Author Archives: dgm

About dgm

Former IT professional, previously a digital archiving and repository person, ex research psychologist, blogger, twitterer, and amateur classical medieval and nineteenth century historian ...

Books and bookshops

I like books. Always have, and always will. And what I particularly like reading about is history, especially late antiquity and early medieval, plus a fascination with the Victorian era. And what I’ve learned about these fascinations I’ve learned by … Continue reading

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What 1860’s women actually wore to go swimming

Punch to the rescue: This rather charming cartoon from the 3 August 1867 edition of Punch (see http://www.victorianweb.org/periodicals/punch/seaside/15.html for attribution etc) clearly shows that most of the young women depicted are wearing a simple shift. Which makes perfect sense – … Continue reading

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Three men and a Bradshaw–a review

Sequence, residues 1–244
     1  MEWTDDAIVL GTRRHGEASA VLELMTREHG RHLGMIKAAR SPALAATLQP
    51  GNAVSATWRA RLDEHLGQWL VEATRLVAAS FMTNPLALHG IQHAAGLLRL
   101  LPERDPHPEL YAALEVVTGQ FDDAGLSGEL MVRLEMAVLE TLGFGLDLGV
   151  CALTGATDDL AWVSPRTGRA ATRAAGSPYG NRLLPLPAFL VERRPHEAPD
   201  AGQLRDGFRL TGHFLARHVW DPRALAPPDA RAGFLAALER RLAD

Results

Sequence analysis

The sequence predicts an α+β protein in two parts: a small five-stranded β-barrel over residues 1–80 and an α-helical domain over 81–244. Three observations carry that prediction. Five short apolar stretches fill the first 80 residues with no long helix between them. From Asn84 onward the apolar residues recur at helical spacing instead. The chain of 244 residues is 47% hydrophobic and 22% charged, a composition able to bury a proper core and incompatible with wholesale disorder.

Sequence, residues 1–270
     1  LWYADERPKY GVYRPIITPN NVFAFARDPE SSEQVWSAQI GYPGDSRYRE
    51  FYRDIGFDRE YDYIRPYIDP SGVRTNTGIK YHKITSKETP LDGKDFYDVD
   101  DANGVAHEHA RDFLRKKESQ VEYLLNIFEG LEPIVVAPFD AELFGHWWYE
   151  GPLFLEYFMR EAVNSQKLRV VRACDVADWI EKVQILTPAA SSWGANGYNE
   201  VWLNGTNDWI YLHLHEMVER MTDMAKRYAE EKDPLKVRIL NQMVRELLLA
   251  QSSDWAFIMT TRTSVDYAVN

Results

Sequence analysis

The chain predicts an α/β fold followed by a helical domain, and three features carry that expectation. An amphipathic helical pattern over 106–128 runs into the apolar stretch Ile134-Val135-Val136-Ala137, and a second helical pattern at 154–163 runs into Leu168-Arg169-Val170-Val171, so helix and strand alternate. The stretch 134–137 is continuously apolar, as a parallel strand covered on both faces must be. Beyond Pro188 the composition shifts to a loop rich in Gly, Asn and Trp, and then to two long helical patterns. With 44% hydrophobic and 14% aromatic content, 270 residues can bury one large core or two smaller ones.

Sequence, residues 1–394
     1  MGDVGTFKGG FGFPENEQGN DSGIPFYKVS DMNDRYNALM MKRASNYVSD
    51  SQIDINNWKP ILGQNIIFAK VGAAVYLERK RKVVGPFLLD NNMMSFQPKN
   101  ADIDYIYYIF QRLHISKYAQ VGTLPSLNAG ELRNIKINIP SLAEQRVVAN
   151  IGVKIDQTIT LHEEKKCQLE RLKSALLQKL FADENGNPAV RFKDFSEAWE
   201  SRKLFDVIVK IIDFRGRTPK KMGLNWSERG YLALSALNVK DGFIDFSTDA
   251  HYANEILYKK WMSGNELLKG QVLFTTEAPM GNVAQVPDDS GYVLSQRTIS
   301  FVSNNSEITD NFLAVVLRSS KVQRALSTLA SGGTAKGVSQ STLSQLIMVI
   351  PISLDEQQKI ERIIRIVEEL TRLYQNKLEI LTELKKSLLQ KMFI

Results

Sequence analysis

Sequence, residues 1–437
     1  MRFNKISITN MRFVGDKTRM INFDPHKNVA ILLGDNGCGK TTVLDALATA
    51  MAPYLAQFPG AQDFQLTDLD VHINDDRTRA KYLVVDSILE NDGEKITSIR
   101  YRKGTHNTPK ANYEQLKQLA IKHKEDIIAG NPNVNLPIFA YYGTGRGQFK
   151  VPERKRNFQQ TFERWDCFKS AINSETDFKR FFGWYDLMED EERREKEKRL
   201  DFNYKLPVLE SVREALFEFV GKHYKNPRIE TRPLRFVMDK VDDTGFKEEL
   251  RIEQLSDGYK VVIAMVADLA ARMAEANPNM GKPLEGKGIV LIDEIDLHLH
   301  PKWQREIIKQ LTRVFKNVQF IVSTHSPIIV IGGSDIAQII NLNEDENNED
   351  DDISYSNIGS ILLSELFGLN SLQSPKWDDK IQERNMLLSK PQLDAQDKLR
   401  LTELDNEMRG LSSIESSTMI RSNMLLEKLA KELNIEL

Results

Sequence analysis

I’ve been reading a book – Three Men and a Bradshaw – which is an edited set of Victorian travel journals by John Freeman, a London clerk. John Freeman’s journals date from the 1870’s and are roughly contemporary with those … Continue reading

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Murder most foul (or perhaps not)

A couple of years ago, I became fascinated by the Madeleine Smith case – not by the story itself, involving as it did sex and murder among the middle classes of 1850’s Glasgow, but how it was reported world wide. … Continue reading

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Libraries …

Yesterday I tweeted a link to an article from the Atlantic about how libraries, and we really mean university and research libraries, are seeing a massive decline in the use of the books on their shelves. No real surprises there. … Continue reading

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I was wrong about Petropaulowski …

Well about the Polish origins of the name anyway. The name Petropaulowski was in use in English long before the Crimean war. Searching GoogleBooks for the name shows it is used in an account of Cook’s voyages published in Manchester … Continue reading

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Petropavlovsk in the Crimean War

The Crimean War has been referred to as the first modern war, by which people usually mean that there was something very like modern trench warfare during the siege of Sebastapol, few large set piece battles with the exception of … Continue reading

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